I will answer the question this way… in my book about China, I told the story of a particular friend I had in Beijing, a woman of about mid 50s by my assessment in whom I saw the entire China. She is that special kind of person, a foodstuffs seller not far from my Jianguomenwai Diplomatic quarters of Chaoyang District, close to the Chinese Ministry of Foreign Affairs. In November last year, all African media partners of the Chinese Xinhua News agency congregated on Nairobi and during the presentation of the Afri-China Media Centre, I told the gathering about this special friend of mine – the lady foodstuffs seller in Beijing that shaped my opinion of who the Chinese is towards other human beings. What did the woman do to earn my deep appreciation? Just two wonderful things. The first day I shopped for food in that market, she welcomed me to her stand and the trader who can’t speak a word in English language, did just more than enough communicating in the most effective language in the world – her hearty smiles. She always smiled happily whenever she saw me, spoke to me in Chinese I would not understand but knew the meaning. Some of the days I got there I saw her family members and she would talk to them about me as they would in turn warm up to me like a familiar friend. She was so nice and loving that my friend and colleague from Cameroon called her my “mother”. In addition to her smiles, every visit to this great woman’s shop ended with a gift of a quantity of fresh vegetables to me. The vegetable I didn’t know the Chinese name seems to be major staple. The leaves have strong scent and minty taste. From trained hands, she would lift the vegetable and stretch it to me; which I discovered was just the same quantity every time, wrapped with the wonderful smiles. As I appreciated and thanked her in my language, she would respond in hers and I bet we understood each other perfectly well. Her love was so warm and touching. It was for humanity.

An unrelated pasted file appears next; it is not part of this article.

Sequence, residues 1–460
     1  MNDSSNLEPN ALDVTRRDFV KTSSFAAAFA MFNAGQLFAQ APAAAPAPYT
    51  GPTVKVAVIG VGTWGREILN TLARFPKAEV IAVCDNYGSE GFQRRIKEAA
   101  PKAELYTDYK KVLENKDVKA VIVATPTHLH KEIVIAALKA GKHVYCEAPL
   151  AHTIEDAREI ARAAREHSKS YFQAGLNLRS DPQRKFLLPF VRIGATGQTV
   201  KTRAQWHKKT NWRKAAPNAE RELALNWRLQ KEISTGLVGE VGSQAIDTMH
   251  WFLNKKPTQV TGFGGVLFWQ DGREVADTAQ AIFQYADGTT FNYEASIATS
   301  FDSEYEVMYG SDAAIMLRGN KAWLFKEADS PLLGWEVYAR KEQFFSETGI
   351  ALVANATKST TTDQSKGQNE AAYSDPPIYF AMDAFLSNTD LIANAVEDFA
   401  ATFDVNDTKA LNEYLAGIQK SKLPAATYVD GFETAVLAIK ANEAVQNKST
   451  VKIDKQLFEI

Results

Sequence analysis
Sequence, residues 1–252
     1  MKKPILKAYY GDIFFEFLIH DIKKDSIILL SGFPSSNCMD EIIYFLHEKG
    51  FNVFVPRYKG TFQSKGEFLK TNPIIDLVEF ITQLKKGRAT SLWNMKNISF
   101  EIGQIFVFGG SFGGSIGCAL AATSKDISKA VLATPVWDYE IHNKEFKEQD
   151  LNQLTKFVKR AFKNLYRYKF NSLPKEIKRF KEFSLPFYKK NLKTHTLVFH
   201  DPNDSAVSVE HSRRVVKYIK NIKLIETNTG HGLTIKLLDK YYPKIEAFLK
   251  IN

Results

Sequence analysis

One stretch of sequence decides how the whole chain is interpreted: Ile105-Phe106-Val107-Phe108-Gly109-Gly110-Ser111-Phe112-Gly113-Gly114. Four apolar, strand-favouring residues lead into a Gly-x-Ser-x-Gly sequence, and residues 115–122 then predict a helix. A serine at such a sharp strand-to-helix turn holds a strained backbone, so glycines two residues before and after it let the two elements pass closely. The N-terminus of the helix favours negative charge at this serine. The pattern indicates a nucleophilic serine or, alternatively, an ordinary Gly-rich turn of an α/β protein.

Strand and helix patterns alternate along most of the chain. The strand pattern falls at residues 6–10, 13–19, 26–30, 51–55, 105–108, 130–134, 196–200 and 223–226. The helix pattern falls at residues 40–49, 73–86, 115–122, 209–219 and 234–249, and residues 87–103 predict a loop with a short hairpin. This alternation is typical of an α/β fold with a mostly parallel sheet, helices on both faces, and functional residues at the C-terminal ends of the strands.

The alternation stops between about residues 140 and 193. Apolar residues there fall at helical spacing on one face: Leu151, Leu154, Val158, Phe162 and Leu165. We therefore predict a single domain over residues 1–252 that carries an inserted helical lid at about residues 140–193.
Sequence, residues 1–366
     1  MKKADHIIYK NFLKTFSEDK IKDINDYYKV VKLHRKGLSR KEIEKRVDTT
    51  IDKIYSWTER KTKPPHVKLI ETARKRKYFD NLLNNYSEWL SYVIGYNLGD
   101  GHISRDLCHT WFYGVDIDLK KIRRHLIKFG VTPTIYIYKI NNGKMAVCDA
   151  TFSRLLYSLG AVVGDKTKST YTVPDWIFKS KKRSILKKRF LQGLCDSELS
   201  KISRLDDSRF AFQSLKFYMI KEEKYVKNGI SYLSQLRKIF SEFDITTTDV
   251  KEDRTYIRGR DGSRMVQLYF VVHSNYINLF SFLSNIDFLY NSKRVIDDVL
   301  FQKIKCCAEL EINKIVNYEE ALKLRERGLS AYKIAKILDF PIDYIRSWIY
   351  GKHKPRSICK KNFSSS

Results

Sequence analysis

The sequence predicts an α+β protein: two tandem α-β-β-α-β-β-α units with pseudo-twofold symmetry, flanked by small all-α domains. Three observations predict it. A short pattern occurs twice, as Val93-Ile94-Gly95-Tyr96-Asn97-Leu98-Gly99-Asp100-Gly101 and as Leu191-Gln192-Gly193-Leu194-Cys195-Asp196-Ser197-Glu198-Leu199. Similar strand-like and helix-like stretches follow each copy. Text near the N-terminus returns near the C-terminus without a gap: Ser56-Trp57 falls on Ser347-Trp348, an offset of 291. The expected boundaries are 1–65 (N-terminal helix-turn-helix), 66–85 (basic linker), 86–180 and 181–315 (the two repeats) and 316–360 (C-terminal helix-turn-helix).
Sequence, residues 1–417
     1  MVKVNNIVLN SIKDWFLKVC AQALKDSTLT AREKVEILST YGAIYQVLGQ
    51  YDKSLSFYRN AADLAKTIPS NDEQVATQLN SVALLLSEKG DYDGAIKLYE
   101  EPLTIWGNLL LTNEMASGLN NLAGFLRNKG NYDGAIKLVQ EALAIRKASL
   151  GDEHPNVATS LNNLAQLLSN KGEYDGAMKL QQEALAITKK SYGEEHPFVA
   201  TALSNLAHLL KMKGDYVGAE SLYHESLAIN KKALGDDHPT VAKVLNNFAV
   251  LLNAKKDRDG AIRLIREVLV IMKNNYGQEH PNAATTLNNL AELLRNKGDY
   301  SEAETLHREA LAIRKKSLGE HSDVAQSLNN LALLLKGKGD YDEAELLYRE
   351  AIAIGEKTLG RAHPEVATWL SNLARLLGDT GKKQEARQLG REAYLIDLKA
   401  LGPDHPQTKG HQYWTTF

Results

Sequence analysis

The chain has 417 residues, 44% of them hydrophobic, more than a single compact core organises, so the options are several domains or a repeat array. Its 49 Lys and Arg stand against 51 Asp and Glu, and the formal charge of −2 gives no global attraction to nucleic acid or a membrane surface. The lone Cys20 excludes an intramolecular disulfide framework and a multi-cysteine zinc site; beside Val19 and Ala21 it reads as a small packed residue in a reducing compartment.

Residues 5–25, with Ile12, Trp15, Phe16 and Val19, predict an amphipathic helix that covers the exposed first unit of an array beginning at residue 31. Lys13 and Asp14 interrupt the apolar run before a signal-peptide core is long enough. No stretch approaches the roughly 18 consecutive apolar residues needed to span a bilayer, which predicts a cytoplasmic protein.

Another instance was a day I went to the outskirts of Beijing, so far that we exhausted the vast Beijing subway and our train ran on the surface for some miles before we arrived destination.
On our last lap of the train ride, my friend and colleague, Elias Mhegera from Tanzania asked a Chinese passenger how to get to our destination and the way he answered was to drop with us away from his schedule to take us to where we were going before continuing with his journey. On getting there, he took photos with us and exchanged Wechat contacts. The Chinese I know is the one that is more willing in a place like Beijing to direct you to where you are going more than many black people you ask in the street.